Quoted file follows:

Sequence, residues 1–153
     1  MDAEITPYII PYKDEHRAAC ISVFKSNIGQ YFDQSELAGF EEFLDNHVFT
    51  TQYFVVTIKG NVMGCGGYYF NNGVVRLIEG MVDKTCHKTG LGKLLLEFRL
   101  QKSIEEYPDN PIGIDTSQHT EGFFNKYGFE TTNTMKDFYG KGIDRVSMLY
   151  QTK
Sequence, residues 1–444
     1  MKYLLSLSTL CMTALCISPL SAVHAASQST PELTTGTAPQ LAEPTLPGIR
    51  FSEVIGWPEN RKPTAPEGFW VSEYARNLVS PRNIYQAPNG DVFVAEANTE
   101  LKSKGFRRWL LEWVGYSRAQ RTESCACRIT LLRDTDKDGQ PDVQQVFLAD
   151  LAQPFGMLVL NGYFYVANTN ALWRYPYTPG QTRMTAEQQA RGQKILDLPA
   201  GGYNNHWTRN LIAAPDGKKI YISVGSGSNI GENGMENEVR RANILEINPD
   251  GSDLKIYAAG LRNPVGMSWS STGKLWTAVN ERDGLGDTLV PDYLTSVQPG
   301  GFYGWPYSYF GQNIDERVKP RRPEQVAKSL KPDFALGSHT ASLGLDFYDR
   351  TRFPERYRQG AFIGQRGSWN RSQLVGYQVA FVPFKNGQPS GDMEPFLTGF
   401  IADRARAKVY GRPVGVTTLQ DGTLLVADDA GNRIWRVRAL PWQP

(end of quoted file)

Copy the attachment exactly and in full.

Sequence, residues 1–153
     1  MDAEITPYII PYKDEHRAAC ISVFKSNIGQ YFDQSELAGF EEFLDNHVFT
    51  TQYFVVTIKG NVMGCGGYYF NNGVVRLIEG MVDKTCHKTG LGKLLLEFRL
   101  QKSIEEYPDN PIGIDTSQHT EGFFNKYGFE TTNTMKDFYG KGIDRVSMLY
   151  QTK
Sequence, residues 1–444
     1  MKYLLSLSTL CMTALCISPL SAVHAASQST PELTTGTAPQ LAEPTLPGIR
    51  FSEVIGWPEN RKPTAPEGFW VSEYARNLVS PRNIYQAPNG DVFVAEANTE
   101  LKSKGFRRWL LEWVGYSRAQ RTESCACRIT LLRDTDKDGQ PDVQQVFLAD
   151  LAQPFGMLVL NGYFYVANTN ALWRYPYTPG QTRMTAEQQA RGQKILDLPA
   201  GGYNNHWTRN LIAAPDGKKI YISVGSGSNI GENGMENEVR RANILEINPD
   251  GSDLKIYAAG LRNPVGMSWS STGKLWTAVN ERDGLGDTLV PDYLTSVQPG
   301  GFYGWPYSYF GQNIDERVKP RRPEQVAKSL KPDFALGSHT ASLGLDFYDR
   351  TRFPERYRQG AFIGQRGSWN RSQLVGYQVA FVPFKNGQPS GDMEPFLTGF
   401  IADRARAKVY GRPVGVTTLQ DGTLLVADDA GNRIWRVRAL PWQP